Scott Pruitt's exit shows the enduring value of hard-hitting journalism

scott pruitt epa
Former EPA Administrator Scott Pruitt

In the end, the whistleblowers made enough noise to be heard.

Concerned Environmental Protection Agency officials and other sources played a key role in exposing EPA Administrator Scott Pruitt's abuses of power. After Pruitt resigned on Thursday afternoon, President Trump said Pruitt "did not want to be a distraction," an acknowledgment of the damning accounts.

Political observers were surprised by how long Pruitt lasted. But eventually, it seems, the system of checks and balances worked. Whistleblowers sought out reporters. The resulting news stories caused outcries. The outcries spurred investigations, or, as Trump might say, "distractions."

Eventually it the said distractions were enough for some of Trump's staunchest advocates, like Fox News' Laura Ingraham, who called for Pruitt to step down. The editorial boards of conservative outlets The Weekly Standard and the National Review also called for Pruitt to go.

Pruitt's defenders in the pro-Trump media are describing a different chain of events. They say journalists and liberal activists wanted a "scalp," and they got one.

Some say he was singled out for his effectiveness in rolling back Obama-era environmental policies. But that argument sidesteps all of the evidence about Pruitt's reported behavior. Over time, journalists from major media outlets became remarkably blunt about calling out Pruitt's abuses of power because the examples were so numerous and so egregious. Several news sites kept running tallies of the scandals.

When the resignation news broke on Thursday, CNN used a scrolling graphic to show all the controversies because the list wouldn't fit on a single screen. As recently as Tuesday, a CNN segment was bluntly titled "HOW DOES EPA CHIEF STILL HAVE JOB?"

The segment was about a former Pruitt deputy -- described as a whistleblower -- who alleged that Pruitt's camp kept "secret" calendars and schedules.

It's difficult, and probably impossible, to pinpoint any single story as being decisive. Trump said Thursday that there was no "final straw."

But there were many, many straws. Whistleblowers, reporters, lawmakers, inspectors general, and advocacy groups all drew attention to Pruitt's taxpayer-funded travel, wasteful spending, use of email, and other scandals.

All over the web on Thursday, people credited whistleblowers and journalists for Pruitt's resignation. Al Gore, an environmentalist and a strong critic of Pruitt's alleged behavior thanked "journalists, advocates, and citizens for exposing Mr. Pruitt as a destructive, unethical, and wasteful head of the #EPA."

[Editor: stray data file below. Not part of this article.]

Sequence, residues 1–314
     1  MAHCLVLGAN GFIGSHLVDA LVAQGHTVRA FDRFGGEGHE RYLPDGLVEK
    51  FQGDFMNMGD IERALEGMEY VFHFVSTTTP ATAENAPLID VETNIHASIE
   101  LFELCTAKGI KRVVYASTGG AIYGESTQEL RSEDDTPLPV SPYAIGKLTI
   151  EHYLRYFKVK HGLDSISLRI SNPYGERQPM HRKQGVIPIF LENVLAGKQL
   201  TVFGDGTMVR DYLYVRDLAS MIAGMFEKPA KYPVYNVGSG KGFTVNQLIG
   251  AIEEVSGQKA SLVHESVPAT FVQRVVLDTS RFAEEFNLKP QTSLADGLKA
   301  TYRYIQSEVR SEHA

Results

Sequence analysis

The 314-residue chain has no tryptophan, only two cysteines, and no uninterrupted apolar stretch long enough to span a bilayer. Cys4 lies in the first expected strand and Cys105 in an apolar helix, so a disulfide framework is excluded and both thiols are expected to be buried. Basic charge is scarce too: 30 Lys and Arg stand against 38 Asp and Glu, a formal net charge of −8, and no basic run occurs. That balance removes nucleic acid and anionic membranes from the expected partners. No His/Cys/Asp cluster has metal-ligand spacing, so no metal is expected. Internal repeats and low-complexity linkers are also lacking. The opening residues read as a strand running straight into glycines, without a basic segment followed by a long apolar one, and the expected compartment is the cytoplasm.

Pruitt's defenders from partisan media outlets claimed that he was the casualty of a coordinated effort to take down Trump.

Wall Street Journal columnist Kimberley Strassel tweeted, "Lesson to other Trump officials from Pruitt resignation: Give the left/media/organized greens any molehill and they will turn it into K2. Most of the accusations were overwrought, but the barrage was overwhelming."

The Weekly Standard editor in chief Stephen Hayes responded to her and said, "The other lesson: Be less corrupt."

Later, Strassel admitted Pruitt gave his "opponents" some "ammunition."

Conservative radio host Hugh Hewitt said Pruitt was "caricatured by left and MSM," an abbreviation for mainstream media. Mollie Hemingway, a Fox News contributor, tweeted that the "well funded and media coordinated" anti-Pruitt movement had finally won "its scalp."

Journalists in the newsrooms that probed Pruitt's spending had a very different reaction.

Philip Rucker of The Washington Post called it "accountability journalism at its very best."

And Rebecca Leber of Mother Jones pointed out that the work is not over.

"There's been intense and incredible EPA reporting recently, but with Pruitt out we'll have to keep digging," she tweeted, "and I hope readers stay tuned for it."


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